Continuous delivery software provider Weaveworks has launched Weave GitOps Core, a software package intended to help DevOps teams streamline the continuous delivery (CD) process of deploying applications and updates from a Git repository on Kubernetes clusters.
As an open source alternative, Weave GitOps Core helps to simplify and automate the process of deploying code on what the company says can be “any Kubernetes cluster.” This involves a two-command line process without having to manually configure the cluster settings. Among other things, Weave GitOps Core also pre-configures the monitoring and observability tools for the clusters so that they continue to run uninterrupted during the deployment process.
Once Weave GitOps Core is installed, a reconciliation loop with the target environment is set as cluster configurations for the operators are stored to immediately serve as a customized platform for developers, Jordy Mon Companys, product marketing director at Weaveworks, told The New Stack.
“Such automation is waiting for changes in Git to deploy them immediately to the target environment,” he said. “From a development perspective, not much changes: developers focus on pushing code to their repos, running tests and CI if such things are in place and Weave GitOps Core will take any change in the workload and update the specific namespace with it. Weave GitOps Core meets developers where they work (Git) and takes full ownership of the deployment to Kubernetes.”
Tighter security and overall control over the CI/CD process for GitOps is an additional feature Weaveworks intends to provide with the open source release. Previously, DevOps teams have been struggling to “push builds into their Kubernetes cluster themselves or allowing their CI servers to do it for them,” Companys said.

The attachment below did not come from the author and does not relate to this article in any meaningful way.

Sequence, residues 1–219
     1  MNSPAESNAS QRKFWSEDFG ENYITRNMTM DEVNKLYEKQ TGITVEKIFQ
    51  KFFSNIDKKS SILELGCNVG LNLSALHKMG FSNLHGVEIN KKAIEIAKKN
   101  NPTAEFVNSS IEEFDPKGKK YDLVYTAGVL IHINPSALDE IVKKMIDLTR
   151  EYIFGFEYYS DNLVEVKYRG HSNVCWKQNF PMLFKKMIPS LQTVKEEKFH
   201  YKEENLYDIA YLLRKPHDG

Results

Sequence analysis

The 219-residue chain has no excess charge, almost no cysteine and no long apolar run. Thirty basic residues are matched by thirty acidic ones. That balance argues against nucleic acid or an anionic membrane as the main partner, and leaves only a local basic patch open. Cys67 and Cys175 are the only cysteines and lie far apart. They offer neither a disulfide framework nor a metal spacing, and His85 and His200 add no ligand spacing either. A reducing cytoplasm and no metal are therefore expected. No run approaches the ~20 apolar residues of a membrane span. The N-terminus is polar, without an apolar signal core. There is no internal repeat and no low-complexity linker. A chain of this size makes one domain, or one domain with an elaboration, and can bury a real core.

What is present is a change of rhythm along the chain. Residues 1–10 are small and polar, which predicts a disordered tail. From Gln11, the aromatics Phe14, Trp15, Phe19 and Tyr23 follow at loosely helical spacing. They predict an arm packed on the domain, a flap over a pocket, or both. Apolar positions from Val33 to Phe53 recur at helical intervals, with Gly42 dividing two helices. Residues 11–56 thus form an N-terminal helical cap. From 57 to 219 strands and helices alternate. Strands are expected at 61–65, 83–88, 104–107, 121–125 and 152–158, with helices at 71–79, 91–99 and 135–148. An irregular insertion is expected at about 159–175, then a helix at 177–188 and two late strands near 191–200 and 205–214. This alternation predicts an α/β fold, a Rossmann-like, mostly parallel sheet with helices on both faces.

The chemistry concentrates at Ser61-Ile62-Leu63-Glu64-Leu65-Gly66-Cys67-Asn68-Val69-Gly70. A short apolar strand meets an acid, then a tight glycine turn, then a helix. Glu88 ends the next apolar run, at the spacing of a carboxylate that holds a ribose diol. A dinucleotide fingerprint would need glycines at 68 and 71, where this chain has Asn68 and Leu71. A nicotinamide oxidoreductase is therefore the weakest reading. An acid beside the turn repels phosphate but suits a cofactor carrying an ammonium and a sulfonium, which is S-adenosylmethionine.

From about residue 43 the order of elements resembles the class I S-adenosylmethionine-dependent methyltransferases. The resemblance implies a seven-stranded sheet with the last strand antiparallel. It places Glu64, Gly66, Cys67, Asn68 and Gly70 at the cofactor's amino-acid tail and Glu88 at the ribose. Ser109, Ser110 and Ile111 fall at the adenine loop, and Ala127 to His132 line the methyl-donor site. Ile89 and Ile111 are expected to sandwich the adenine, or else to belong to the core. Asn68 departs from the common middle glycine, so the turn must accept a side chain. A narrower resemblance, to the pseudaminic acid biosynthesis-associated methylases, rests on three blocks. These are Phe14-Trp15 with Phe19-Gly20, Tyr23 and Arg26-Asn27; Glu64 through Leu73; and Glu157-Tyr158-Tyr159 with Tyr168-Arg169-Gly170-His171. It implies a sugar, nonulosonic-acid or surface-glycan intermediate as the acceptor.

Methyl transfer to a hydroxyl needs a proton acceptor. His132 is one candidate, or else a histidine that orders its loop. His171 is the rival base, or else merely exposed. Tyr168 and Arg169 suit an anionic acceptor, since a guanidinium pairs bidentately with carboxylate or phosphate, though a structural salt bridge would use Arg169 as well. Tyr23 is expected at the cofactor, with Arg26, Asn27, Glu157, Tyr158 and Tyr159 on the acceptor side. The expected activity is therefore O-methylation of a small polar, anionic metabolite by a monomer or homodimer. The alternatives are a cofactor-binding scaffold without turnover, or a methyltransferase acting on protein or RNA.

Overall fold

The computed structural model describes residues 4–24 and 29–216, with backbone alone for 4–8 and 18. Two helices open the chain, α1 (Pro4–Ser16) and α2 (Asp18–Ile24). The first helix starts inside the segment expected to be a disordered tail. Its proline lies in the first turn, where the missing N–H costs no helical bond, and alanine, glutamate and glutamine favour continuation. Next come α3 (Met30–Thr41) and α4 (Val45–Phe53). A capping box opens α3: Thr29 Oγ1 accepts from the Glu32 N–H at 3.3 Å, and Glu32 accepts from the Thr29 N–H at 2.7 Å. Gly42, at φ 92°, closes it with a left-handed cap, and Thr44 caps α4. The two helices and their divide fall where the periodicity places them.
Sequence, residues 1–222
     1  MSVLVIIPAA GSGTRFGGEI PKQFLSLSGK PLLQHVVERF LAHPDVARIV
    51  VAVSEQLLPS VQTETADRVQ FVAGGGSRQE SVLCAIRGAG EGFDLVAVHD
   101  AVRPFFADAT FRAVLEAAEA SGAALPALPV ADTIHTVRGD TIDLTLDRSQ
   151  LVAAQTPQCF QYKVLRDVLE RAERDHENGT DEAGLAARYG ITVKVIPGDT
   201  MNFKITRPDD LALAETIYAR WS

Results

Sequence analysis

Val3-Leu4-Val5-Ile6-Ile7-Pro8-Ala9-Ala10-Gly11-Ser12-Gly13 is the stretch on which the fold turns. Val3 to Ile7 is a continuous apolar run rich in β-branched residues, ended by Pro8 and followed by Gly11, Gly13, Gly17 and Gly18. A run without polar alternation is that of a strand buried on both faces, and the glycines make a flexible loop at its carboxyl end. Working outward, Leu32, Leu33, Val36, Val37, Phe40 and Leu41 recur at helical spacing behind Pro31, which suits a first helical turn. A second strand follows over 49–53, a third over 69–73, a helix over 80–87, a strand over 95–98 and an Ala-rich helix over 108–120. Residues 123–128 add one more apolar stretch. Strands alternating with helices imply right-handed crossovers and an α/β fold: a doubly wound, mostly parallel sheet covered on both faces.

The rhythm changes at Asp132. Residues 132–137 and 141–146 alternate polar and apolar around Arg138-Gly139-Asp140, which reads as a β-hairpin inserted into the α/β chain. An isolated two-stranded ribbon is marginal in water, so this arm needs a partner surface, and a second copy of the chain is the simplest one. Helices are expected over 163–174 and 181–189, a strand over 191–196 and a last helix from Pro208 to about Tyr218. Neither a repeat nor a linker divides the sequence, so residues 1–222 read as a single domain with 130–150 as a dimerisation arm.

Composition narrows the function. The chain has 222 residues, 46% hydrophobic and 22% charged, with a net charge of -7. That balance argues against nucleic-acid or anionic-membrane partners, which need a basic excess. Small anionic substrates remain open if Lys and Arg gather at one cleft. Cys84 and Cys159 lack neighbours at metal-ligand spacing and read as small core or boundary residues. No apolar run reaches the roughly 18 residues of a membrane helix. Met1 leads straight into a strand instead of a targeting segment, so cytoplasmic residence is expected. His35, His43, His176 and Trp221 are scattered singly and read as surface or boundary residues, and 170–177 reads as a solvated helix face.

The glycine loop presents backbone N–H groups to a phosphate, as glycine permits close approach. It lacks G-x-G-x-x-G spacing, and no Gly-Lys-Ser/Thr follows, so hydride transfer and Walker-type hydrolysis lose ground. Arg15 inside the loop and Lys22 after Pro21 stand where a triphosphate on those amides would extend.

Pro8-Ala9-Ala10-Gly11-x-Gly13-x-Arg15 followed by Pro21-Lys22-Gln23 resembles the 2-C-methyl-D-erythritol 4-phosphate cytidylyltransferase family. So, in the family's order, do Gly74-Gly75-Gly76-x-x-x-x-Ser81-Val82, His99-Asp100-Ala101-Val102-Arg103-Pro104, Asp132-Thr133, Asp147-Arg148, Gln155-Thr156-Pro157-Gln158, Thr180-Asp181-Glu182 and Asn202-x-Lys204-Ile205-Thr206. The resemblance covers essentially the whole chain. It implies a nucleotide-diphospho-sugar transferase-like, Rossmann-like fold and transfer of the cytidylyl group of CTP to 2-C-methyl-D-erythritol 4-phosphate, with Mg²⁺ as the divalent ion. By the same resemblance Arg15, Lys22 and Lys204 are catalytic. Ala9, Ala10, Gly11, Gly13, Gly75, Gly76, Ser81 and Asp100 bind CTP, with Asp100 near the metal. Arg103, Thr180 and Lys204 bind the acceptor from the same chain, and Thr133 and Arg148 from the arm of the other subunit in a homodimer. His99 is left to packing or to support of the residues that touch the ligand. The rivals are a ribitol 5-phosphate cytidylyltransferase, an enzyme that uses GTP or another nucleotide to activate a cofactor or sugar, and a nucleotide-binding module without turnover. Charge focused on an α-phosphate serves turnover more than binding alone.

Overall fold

“In either of these approaches it is required that the CD pipeline would be granted access and would carry the required credentials to access the cluster,” he noted. “Regardless of the security risk this approach involves, this workflow is one way only. One would never know if someone had manually accessed and changed anything in the target environment.”
This consequent cause of so-called infrastructure ‘drift” is very frequent and is yet another source of concern for security, Companys said. “In a way, with the old approach, you are forced to ship and push to your environment frantically and, if this fails, figure out where the mismatch is. GitOps Core was designed to change this paradigm completely with a pull-based approach — there is no pipeline but a continuously running GitOps automation separate from the CI pipeline,” he said.
Companys added that this standalone process is separate from the CI process preventing any manual, ad hoc access to the cluster.
“The automation lives within Kubernetes and it impersonates the different teams — with proper RBAC one-off configuration — and delivers each workload to the target environment it corresponds to,” he said.
Weave GitOps Core automates the process of ensuring what Companys described as a “reconciliation loop between Git and Kubernetes.” In this way, since Weave GitOps Core and the clusters remain in sync, as Weave GitOps Core’s user interface (UI) provides extended visibility into the GitOps-enabled cluster, Companys explained. “So, whether our clients want to run Prometheus, Grafana or Linkerd in their clusters, they can easily install those from within Weave GitOps Core as cluster components,” he said. “Weave GitOps Core focuses on keeping both sides of the equation in permanent sync.”
Weaveworks is a sponsor of The New Stack.